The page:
The task may become difficult to administer in individuals who are unable to cooperate due to cognitive or mental deficits. Factors such as age, sex, hand-dominance can also impact the test results.
- Motor control refers to the activation and coordination of muscles and limbs to perform motor activities.
- The Tapping Speed assessment performed via Finger Tapping task assess motor control and the integrity of the neuromuscular system.
- The participant places their palm flat on the surface with their finger stretched out and placed over the sensor or the button.
- The task usually lasts for 10 seconds. Some studies conduct the task for 30 seconds.
- Data is collected for tapping speed, tapping regularity, tapping errors and inter-tap interval.
Gao F, Mei X, Chen AC (2015). Delayed finger tapping and cognitive responses in preterm-born male teenagers with mild spastic diplegia. Pediatr Neurol. 52(2):206-13. doi: 10.1016/j.pediatrneurol.2014.04.012.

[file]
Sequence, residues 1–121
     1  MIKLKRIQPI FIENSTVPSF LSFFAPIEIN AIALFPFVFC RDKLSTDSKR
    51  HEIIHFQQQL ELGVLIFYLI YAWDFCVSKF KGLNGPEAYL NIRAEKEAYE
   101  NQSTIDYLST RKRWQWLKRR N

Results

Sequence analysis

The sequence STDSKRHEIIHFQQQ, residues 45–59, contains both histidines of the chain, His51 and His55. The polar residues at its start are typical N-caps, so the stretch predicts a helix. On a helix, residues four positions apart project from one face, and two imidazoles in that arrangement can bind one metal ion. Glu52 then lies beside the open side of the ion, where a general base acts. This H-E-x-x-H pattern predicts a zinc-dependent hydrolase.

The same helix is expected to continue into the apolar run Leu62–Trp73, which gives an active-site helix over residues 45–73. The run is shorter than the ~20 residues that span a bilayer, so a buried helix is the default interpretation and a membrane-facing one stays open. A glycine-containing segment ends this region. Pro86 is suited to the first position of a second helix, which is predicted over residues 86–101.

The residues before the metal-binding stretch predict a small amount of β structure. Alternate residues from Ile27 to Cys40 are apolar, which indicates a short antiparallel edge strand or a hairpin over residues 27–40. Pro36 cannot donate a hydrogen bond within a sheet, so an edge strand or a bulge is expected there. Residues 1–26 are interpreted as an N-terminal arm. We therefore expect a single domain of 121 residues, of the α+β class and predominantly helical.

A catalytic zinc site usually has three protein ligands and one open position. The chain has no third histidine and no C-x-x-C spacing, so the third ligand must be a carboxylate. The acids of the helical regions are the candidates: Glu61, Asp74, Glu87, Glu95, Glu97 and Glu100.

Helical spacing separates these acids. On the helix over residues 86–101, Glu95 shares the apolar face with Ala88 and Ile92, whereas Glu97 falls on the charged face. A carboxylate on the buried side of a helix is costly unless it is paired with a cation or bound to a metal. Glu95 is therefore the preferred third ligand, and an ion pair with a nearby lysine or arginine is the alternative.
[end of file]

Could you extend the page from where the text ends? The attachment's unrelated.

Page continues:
Hubel KA, Yund EW, Herron TJ, Woods DL (2013). Computerized measures of finger tapping: reliability, malingering and traumatic brain injury. J Clin Exp Neuropsychol. 35(7):745-58. doi: 10.1080/13803395.2013.824070.
Munro CA, Longmire CF, Drye LT, Martin BK, Frangakis CE, Meinert CL, Mintzer JE, Porsteinsson AP, Rabins PV, Rosenberg PB, Schneider LS, Weintraub D, Lyketsos CG (2012). Cognitive outcomes after sertaline treatment in patients with depression of Alzheimer disease. Am J Geriatr Psychiatry. 20(12):1036-44. doi: 10.1097/JGP.0b013e31826ce4c5.
Ritter, S. (2014). Apples Research Kit Development Framework for iPhone Apps Enables Innovative Approaches to Medical Research Data Collection. Journal of Clinical Trials, 05(02). doi:10.4172/2167-0870.1000e120
Stegemöller EL, Uzochukwu J, Tillman MD, McFarland NR, Subramony SH, Okun MS, Hass CJ (2015). Repetitive finger movement performance differs among Parkinson’s disease, Progressive Supranuclear Palsy, and spinocerebellar ataxia. J Clin Mov Disord. 2:6. doi: 10.1186/s40734-014-0015-y.